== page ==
‘When unrighteous disorder prevails, the women sin and are impure; and when women are not pure, Krishna, there is disorder of castes, social confusion.’ This is the Gita again. And in India there is no social confusion, no disorder of castes, no adventure, in spite of the bingo on Sunday mornings in the old British clubs, in spite of the yellow-covered overseas editions of the Daily Mirror which the ladies in their graceful saris seize with eager manicured hands, and the copy of Woman’s Own which the dainty shopper, basket-carrying servant respectfully in her train, presses to one breast like a badge of caste; in spite of the dance floors of Bombay, Delhi and Calcutta: those sad bands, those sad Anglo-Indian girls at the microphone, and the air full of dated slang. ‘Oh, just bung your coat down there.’ ‘I say, by Jove!’ And the names fly: Bunty, Andy, Freddy, Jimmy, Bunny. They are real, the men who answer to these names, and they answer them well: their jackets and ties and collars and accents do make them Bunty and Andy and Freddy. But they are not wholly what they seem. Andy is also Anand, Danny Dhandeva; their marriages have been strictly arranged, their children’s marriages will be arranged; the astrologer will be earnestly consulted and horoscopes will be cast. For every man and woman on the dance floor is marked by destiny, on every one Fate has its eye. The Parsis, perhaps Freddy’s lesser friends or relations, in their enclosure between decks on the holiday steamer from Goa, might loudly sing, their pleasure heightened by the confusion of the native crowd, Barbara Allen and The Ash Grove and I Don’t Have a Wooden Heart. But that little corner of merry England which they have created in Bombay is also Druidical. It worships fire; its ways are narrow and protective, and at the end lie the Towers of Silence and the grim rites behind those walls whose main portals are marked with a symbol from the ancient world.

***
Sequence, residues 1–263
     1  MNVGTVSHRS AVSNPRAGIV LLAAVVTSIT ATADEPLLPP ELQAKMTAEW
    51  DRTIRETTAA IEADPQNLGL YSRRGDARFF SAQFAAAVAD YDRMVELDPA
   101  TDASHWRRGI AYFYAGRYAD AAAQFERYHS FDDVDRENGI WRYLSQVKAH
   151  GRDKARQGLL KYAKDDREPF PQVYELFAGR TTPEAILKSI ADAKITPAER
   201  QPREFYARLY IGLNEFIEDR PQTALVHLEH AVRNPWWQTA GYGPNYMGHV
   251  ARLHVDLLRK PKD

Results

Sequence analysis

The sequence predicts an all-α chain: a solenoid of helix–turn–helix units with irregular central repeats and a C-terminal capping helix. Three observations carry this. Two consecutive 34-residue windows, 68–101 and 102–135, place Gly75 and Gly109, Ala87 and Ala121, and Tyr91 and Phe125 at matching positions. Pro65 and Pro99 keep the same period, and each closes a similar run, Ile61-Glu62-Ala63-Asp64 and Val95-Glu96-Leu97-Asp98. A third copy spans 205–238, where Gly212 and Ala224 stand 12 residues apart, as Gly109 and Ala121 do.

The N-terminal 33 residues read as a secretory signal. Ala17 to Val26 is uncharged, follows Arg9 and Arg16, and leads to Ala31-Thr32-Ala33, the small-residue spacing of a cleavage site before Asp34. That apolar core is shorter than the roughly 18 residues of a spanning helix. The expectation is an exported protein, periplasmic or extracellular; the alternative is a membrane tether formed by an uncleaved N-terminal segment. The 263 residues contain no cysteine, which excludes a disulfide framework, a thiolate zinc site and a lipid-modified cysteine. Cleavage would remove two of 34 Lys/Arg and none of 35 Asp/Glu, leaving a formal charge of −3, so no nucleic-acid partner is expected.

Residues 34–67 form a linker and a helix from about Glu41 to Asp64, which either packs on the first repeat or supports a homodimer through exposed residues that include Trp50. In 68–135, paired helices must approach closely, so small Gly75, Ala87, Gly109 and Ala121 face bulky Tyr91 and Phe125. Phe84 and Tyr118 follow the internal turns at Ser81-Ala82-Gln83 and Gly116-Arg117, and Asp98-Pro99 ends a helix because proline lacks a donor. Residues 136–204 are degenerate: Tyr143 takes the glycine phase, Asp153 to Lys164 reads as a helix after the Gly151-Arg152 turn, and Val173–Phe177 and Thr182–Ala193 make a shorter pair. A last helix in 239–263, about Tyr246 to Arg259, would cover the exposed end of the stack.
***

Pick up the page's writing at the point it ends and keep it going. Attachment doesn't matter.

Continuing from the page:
The outer and inner worlds do not have the physical separateness which they had for us in Trinidad. They coexist; the society only pretends to be colonial; and for this reason its absurdities are at once apparent. Its mimicry is both less and more than a colonial mimicry. It is the special mimicry of an old country which has been without a native aristocracy for a thousand years and has learned to make room for outsiders, but only at the top. The mimicry changes, the inner world remains constant: this is the secret of survival. And so it happens that, to one whole area of India, a late seventeenth-century traveller like Ovington remains in many ways a reliable guide. Yesterday the mimicry was Mogul; tomorrow it might be Russian or American; today it is English.